Mary Pat Higgins, director of the Dallas Holocaust and Human Rights Museum.

Diverse group of experts address issue in historical and contemporary context

DAVID TAFFET | Senior Staff Writer

This week, the Dallas Holocaust and Human Rights Museum began a new online series of discussions on race and racism in our community. Museum director Mary Pat Higgins began the series with a discussion with Kamilah

Collins, president of Collins Collaborations, to talk about why the series was important and to define terms to establish a common knowledge base.

Higgins said Collins, who will moderate the future discussions, has consulted with the museum before.

“She worked with the museum’s exhibit designers to make sure we weren’t reinforcing bias,” Higgins explained, adding that Collins has also led workshops for the museum staff and board.

The new Holocaust museum, with its expanded mission of teaching about human rights including the struggle for LGBT equality, opened in September. Less than six months later, the museum building closed for the coronavirus lockdown, and museum officials found new ways to present the history of groups struggling to achieve equal rights.
The monthly series on racism continues in August with a discussion on Dallas’ racial history, with speakers from the Black, Latinx and Native American communities. The final two discussions will be about the present and the future.

The present will present personal testimonies of what racism looks like in Dallas today, what’s been accomplished and what needs to be done.

The series will look at “what issues are still prevalent,” Higgins said. “We’ll try to figure out how to move forward as people of different perspectives discuss their hopes for the future.”

The discussion of Dallas in the future includes strategies to combat systemic racism, including steps to take in areas of education, housing, employment, policing and incarceration. “The discussion of the future is a call to action,” Higgins said. “We’ve presented history and the pain and reality of the present. Now let’s be part of the solution.”
The speakers for upcoming discussions are still being finalized.

The old museum, located across the DART tracks from the new building in the West End, was called the Dallas Holocaust Museum for Education and Tolerance. As they began raising money for the new museum, donors, museum visitors and Holocaust survivors thought we could do better than just tolerate each other in Dallas as the former name suggested.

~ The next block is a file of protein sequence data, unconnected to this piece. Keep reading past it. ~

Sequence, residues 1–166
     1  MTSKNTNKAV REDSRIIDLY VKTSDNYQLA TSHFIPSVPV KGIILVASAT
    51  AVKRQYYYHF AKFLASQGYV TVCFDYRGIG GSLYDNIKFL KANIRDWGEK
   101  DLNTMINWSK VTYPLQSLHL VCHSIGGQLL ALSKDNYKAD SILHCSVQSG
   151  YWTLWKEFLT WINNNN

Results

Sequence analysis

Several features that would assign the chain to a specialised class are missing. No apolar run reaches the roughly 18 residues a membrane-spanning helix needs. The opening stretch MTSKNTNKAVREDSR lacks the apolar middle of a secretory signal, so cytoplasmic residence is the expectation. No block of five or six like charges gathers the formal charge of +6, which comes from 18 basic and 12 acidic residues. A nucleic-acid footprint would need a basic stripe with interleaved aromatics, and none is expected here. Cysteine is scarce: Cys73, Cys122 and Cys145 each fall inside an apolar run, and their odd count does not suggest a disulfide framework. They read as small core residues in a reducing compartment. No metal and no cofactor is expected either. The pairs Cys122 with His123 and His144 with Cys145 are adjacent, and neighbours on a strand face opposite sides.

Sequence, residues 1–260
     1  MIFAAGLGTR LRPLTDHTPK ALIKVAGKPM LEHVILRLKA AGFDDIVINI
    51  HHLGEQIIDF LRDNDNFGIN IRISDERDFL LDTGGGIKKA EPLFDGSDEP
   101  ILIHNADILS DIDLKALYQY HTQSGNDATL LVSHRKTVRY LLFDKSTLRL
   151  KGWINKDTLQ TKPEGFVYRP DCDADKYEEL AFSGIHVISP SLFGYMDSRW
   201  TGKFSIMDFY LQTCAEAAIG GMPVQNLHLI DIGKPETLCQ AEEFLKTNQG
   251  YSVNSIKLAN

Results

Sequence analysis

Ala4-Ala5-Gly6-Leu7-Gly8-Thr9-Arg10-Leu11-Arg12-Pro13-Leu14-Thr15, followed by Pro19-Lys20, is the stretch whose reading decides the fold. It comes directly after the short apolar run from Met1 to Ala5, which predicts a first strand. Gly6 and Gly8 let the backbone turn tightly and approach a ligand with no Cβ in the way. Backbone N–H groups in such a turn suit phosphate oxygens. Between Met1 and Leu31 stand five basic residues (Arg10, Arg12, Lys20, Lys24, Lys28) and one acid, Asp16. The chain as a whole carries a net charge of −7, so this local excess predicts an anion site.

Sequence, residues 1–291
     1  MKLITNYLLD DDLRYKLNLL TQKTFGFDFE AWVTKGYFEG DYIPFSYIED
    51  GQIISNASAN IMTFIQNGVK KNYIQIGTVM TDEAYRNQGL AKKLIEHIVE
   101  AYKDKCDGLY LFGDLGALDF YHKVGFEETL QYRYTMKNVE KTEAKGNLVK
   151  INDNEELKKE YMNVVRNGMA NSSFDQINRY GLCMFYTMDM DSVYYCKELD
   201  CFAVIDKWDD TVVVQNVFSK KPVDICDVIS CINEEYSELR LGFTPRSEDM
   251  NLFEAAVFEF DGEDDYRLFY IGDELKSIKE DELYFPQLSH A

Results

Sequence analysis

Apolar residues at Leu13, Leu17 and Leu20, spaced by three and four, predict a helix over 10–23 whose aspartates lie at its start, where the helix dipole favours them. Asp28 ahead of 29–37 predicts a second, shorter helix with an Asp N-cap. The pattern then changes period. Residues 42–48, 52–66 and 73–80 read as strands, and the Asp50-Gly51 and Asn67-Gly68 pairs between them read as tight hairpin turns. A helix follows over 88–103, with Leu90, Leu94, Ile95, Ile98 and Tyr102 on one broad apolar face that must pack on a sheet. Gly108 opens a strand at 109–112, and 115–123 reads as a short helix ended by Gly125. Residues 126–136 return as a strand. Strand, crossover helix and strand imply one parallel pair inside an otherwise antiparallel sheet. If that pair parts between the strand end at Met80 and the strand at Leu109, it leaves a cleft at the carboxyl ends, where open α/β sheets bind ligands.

So while the history of the Holocaust remains the focus of the new museum, the exhibits extend beyond that. The post-Holocaust human rights movement and the continuing history of genocide are also explored. The current special exhibit, “The Fight for Civil Rights in the South,” opened just a month before everything shut down and so has been extended until January. Higgins hopes the museum can open in time for people to get to see it in person. In the meantime, a virtual tour is available on the museum website.

The next exhibit that will run February through May, 2021, is “Stonewall Rising” from the Newseum in Washington, D.C.

Higgins said she’s excited about bringing in that exhibit, but also a little nervous, hoping the building will open in plenty of time to have a full schedule of events around “Stonewall Rising.”
Until the museum reopens, “we pivoted to offering virtual programs,” Higgins said. “One silver lining, we can reach more people.”

Indeed, more than 500 people had already signed up for part one of the discussion on race and racism and more will see the discussion on the museum’s YouTube channel: DHHRM.
She said that even once the museum reopens, they plan to continue virtual programming that is reaching people all over the country and also engaging regular museum visitors more often.

Referring again to the series on racism, Higgins said she considers her museum staff experts on presenting history. But often the museum is called upon to help solve current city problems. Mayor Mike Rawlings appointed Higgins to a committee to figure out what to do with the Robert E. Lee statue that was finally removed from what’s now known as Turtle Creek Park.

But Higgins said she wants to be part of the process to change policies that need to be changed to make Dallas a more inclusive city. “We see our role as being conveners,” she said.

For Higgins that means launching from a deep understanding of history hoping to come up with ideas to lead us into a better future.

To participate live in the discussions on race and racism, visit, click on programs and calendar to register. After the event, watch the recording on the DHHRM channel on